Approximately 35 pieces from The American Legion's war-poster collection have been loaned to the Indiana State Museum in Indianapolis for a temporary exhibit.
"Art for the Nation" focuses on the use of posters to mobilize Americans to support the war effort during the two world wars. According to Katherine Gould, associate curator of cultural history and the exhibit's creator, 96 posters are displayed, divided almost evenly between the Legion's collection, the collection of the Indianapolis-Marion County Public Library and the museum's own collection.
Gould contacted the Legion last June, after finding the online catalog of the poster collection and being impressed by its breadth. Largely shepherded into existence by former American Legion Library head Verna B. Grimm, the 3,000-plus collection was gathered from a number of different sources, including private parties and the American Library Service, and is mainly housed at National Headquarters."Because all of the posters cannot be displayed at National Headquarters, we were pleased with the opportunity to have some of them included as part of the exhibit," Legion Library & Museum Director Howard Trace said. "We hope these posters serve as a reminder that everyone - not just our servicemembers - is part of the war effort."
Gould seeks primarily to address students, especially school groups and Scouts, with the exhibit. The posters are grouped to illustrate five major themes: general appeals, recruitment, mobilization, food conservation, and targeted outreach to women and minorities (such as blacks and recent immigrants). The presentation is very simple, to let the art of the posters speak the loudest. Given the "on-the-go" nature of the medium, Gould says, these posters "had to convey a very complicated message in a very simple way." That way was largely the use of arresting imagery, "playing on different emotions" both positive (such as patriotism) and negative (such as anger).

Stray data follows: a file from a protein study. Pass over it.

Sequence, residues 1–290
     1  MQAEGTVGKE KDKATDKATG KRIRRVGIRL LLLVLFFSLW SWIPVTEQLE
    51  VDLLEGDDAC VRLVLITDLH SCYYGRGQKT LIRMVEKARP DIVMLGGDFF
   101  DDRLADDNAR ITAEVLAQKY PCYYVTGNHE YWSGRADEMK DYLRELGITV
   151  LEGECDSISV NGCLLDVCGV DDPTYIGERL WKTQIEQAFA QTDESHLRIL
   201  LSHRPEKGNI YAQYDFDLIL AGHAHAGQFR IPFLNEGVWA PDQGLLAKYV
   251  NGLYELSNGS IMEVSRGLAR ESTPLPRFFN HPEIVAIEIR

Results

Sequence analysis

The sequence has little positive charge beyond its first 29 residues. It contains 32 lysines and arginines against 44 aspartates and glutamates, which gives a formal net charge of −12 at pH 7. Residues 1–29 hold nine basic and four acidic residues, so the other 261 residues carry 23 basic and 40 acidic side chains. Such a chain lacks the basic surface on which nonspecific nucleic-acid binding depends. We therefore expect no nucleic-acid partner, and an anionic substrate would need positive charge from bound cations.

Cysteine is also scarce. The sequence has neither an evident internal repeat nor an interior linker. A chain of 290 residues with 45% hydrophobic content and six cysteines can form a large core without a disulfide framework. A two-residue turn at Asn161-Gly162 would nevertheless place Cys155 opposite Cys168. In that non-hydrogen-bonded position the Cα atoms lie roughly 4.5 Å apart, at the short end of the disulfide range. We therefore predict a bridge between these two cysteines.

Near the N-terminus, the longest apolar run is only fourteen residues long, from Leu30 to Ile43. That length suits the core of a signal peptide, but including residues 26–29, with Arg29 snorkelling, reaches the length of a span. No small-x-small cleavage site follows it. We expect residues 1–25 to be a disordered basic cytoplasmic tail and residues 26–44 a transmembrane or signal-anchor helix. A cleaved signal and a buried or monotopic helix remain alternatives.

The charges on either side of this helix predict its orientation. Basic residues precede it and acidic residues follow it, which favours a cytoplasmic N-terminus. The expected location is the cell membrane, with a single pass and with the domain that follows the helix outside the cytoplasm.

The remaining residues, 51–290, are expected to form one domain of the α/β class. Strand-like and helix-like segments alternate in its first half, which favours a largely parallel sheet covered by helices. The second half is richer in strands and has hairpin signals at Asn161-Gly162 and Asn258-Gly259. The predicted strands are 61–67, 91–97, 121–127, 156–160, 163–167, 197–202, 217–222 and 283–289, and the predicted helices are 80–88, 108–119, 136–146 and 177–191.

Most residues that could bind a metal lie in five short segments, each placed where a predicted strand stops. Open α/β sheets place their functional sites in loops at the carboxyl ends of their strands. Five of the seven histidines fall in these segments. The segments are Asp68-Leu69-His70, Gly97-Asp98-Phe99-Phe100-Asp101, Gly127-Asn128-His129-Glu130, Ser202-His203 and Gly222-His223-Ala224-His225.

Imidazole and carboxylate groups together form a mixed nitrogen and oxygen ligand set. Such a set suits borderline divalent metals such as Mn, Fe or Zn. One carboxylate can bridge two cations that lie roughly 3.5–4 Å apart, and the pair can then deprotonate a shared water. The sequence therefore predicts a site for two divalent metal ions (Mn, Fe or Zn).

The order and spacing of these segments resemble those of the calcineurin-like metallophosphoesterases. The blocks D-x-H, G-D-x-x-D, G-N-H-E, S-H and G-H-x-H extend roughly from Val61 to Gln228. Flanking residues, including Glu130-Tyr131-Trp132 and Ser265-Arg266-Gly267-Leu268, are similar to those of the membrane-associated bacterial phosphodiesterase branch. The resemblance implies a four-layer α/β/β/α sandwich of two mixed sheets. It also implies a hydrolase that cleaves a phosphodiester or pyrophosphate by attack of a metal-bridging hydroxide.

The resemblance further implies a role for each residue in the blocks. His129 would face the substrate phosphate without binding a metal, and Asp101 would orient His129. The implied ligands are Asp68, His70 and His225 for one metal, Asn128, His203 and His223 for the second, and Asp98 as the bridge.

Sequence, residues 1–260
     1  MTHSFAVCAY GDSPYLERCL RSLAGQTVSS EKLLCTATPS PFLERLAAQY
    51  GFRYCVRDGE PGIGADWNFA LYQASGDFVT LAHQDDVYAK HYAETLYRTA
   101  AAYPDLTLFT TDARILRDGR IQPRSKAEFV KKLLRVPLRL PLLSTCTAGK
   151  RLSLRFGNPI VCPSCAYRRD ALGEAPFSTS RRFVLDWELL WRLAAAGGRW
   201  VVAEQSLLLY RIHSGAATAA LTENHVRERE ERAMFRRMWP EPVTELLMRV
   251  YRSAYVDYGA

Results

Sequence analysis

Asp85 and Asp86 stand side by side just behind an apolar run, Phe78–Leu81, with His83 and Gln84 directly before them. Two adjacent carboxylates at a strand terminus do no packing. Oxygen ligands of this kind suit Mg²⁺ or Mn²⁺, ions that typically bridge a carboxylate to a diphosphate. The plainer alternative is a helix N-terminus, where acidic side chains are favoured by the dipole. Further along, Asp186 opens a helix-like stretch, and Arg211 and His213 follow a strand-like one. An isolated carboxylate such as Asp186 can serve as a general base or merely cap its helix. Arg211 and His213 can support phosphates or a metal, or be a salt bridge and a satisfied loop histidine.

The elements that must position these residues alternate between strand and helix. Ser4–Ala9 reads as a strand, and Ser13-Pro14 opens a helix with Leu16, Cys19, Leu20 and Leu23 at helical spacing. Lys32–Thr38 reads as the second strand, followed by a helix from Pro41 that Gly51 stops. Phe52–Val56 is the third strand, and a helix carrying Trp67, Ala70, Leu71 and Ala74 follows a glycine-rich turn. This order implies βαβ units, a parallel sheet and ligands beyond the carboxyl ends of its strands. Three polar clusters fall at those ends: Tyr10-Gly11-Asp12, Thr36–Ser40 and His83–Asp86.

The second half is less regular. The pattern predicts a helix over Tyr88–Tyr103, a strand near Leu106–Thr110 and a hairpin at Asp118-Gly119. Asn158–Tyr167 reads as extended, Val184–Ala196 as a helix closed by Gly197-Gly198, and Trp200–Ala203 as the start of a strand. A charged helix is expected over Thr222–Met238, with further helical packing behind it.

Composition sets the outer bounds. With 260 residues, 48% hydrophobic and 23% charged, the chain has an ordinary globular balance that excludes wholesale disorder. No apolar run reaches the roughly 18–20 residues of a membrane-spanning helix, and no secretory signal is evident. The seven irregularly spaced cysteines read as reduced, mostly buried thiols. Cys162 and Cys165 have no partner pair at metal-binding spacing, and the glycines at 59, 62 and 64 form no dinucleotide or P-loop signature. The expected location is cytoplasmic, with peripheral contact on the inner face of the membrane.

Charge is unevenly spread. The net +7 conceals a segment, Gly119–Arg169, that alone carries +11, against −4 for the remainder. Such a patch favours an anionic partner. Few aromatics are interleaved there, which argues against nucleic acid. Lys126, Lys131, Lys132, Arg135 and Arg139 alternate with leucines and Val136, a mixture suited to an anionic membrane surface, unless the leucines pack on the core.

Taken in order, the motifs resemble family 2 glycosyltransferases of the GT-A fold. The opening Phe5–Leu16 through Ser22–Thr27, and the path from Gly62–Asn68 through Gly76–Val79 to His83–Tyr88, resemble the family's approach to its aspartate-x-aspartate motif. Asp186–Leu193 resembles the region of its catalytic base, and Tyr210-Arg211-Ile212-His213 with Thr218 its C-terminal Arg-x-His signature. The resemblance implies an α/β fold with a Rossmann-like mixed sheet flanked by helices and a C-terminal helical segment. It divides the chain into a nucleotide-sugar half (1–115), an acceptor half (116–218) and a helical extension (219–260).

The message, however - to support the war effort, at whatever cost - was constant. She describes the whole as not so much an art exhibit as "documented artifacts that just happen to be really cool" - the crossroads of politics and art, and of patriotism and propaganda. Popular wartime songs and video clips from the Veterans History Project provide ambience.
Gould would like for viewers to "look beyond images, to get to the history and information." In a different time for the nation, without the Internet for anyone to look anything up at any time, war posters had to educate as well as inspire. Today, Gould is not sure if a similar campaign focusing on the Iraq and Afghanistan wars would work as well. "There is more information today," she says, "and more cynicism."